Drones fitted with infrared cameras provide additional benefits. For example, identifying defective roofs containing moisture is a time-consuming and costly activity. Drones fitted with thermal imaging cameras can do a quick fly-over while taking infrared thermal images of the roofs. These thermal images can help inspectors easily detect failing panels, since defective roofs loaded with moisture emit more heat than those functioning properly. The ways in which drones can help eliminate costs on construction, monitoring and reconnaissance activities can vary from simple assessments to in-depth visuals, videos, thermal imagery, data processing, modeling and calculations. In each way, drones have proven useful to reduce excess waste across sites. Specifically, by performing site inspections, drones are able to considerably cut down on costs compared to previous methods, making their deployment a long-lasting and sustainable option.
Using professional unmanned aerial vehicle (UAV) inspection services, maintenance and engineering managers can reduce the time inspection personnel need to spend on the building itself. Provided a mission’s flight route has been well-planned, a drone can collect imagery data that covers the entire building envelope in a fraction of the time it takes for inspection personnel to traverse it.
Typically, visual and thermal imagery are collected. After applying automated statistical processes to convert the imagery into a 3D point cloud, it is straightforward for skilled interpreters to identify locations and areas of deterioration on the building envelope. Since the data are being viewed in 3D, the roof and facades can be visually interpreted. As the data in the point cloud is geo-referenced with real-world geographic coordinates, a plan or a map can be provided to an inspection and maintenance team to identify areas of deterioration before anyone needs to climb any ladders or scaffolding, undertake rope-access procedures, or walk on a roof.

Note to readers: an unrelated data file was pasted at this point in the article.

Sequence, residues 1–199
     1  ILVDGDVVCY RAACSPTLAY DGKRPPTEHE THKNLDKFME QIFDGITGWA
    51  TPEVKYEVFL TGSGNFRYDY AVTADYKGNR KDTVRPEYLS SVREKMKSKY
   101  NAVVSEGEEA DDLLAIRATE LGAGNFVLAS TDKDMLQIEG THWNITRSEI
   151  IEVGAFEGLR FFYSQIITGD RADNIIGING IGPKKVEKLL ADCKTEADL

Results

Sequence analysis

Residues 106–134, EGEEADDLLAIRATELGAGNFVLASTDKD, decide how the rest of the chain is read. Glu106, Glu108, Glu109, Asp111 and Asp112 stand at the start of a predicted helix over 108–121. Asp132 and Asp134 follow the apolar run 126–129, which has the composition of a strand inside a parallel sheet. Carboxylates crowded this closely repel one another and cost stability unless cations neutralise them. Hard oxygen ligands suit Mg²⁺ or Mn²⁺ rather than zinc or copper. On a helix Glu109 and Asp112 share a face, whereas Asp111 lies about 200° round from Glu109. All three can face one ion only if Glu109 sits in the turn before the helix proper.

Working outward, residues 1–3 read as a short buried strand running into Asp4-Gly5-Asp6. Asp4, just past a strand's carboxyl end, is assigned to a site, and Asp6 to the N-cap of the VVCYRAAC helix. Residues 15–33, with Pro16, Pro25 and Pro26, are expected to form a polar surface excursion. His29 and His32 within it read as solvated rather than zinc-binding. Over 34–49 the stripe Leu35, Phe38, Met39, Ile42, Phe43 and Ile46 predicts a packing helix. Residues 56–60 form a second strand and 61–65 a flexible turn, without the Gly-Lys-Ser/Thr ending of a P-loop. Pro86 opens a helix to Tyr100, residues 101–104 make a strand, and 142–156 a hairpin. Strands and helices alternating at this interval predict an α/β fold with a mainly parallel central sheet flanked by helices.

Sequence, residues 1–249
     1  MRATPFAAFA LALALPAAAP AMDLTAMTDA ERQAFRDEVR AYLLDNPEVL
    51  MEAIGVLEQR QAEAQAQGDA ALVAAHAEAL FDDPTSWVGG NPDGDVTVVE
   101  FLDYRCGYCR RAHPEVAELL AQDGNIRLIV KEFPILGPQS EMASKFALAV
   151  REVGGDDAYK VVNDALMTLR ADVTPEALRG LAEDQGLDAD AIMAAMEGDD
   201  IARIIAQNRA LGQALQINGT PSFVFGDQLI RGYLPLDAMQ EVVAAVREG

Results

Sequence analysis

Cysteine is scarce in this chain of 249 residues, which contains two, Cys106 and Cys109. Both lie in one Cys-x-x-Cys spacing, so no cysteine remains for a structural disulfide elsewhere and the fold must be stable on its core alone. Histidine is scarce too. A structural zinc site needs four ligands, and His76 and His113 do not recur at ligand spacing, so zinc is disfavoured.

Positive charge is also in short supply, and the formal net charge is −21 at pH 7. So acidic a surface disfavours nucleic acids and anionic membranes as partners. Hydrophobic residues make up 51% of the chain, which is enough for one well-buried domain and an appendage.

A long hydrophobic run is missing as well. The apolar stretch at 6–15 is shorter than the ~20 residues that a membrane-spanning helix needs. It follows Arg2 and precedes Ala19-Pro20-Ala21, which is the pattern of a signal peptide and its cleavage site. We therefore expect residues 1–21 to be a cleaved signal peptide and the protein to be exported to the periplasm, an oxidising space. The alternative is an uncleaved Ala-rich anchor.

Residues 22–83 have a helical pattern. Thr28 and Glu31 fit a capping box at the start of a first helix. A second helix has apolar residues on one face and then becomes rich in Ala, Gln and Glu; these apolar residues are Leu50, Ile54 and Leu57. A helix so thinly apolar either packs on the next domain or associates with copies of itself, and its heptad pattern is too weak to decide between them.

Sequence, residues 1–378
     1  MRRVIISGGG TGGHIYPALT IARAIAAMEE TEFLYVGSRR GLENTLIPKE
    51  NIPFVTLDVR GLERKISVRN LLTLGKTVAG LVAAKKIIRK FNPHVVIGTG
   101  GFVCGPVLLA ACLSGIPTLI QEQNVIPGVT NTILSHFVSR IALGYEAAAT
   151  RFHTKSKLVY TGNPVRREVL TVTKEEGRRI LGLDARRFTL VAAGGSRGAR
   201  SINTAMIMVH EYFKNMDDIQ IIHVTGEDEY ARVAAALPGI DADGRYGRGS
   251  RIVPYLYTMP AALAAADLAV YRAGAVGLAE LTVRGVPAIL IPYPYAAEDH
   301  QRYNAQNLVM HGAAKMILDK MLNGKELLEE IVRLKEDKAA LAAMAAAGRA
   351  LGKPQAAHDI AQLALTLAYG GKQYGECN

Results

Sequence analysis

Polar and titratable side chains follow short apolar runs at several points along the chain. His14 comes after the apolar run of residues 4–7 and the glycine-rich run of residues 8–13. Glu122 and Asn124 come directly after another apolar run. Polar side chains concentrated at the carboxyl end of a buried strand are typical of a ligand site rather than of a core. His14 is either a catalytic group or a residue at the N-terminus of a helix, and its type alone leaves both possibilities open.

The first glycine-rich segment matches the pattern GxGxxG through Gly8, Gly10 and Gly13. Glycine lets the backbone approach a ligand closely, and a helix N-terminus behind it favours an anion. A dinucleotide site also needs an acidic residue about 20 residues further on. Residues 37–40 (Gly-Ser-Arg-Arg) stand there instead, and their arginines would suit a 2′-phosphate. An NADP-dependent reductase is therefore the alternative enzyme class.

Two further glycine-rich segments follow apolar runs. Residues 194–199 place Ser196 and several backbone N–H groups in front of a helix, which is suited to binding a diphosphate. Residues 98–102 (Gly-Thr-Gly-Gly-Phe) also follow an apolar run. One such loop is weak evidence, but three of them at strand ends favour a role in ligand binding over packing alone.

Long-wave vs. mid-wave
Typically, a roof-inspection company might use a mid-wave infrared (MWIR) handheld camera or a long-wave infrared (LWIR) unit to collect data using an airborne platform. The advantages and disadvantages to the agency undertaking the roof inspection and the customer need to be assessed in terms of the sensor’s technical characteristics and the implementation implications.
Handheld MWIR can increase sensitivity among reflective and cool roofs, and increased scaling values in output images can make results easier to interpret. However, the reduced dynamic range the cameras have could mean reduced sensitivity across all material types. On the other hand, using drone-mounted longwave IR provides a high dynamic range that leads to increased sensitivity across dark, cooled roof structures. But LWIR technology requires an increased expertise to interpret subtle differences in thermal capacitance among different roof materials, especially when highly reflective.
In terms of implementation, drone-mounted LWIR units do not require inspection personnel to walk on a roof. The entire building envelope, including hard-to-reach areas, can be imaged. Thermal ghosting or leakage is minimized by a high, straight-on view of a roof by a camera. A complete, geo-referenced report can be quickly provided to the client.
Drones equipped with a combination of sensors are revolutionizing building envelope inspections. At the moment, drones with thermal imaging, photo, and video cameras, as well as gas sniffers and other sensors, are performing a variety of inspection functions. The mobility and sensors allow the drones to analyze facilities for existing and potential defects safely, quickly, and efficiently.
Industrial Skyworks (ISW) is a commercial, unmanned aerial system (UAS) and data management solutions company with offices in Houston, Toronto and Trinidad. Founded in 2012 by pilots with backgrounds and expertise in aircraft safety systems, risk management and aeronautical sciences, ISW inspects buildings and oil and gas infrastructure using small UAS. They were the first company ever to receive Federal Aviation Administration (FAA) approval for night-time commercial drone operations and flew the first-ever FAA-sanctioned night flight in the United States in fall 2016. http://industrialskyworks.com/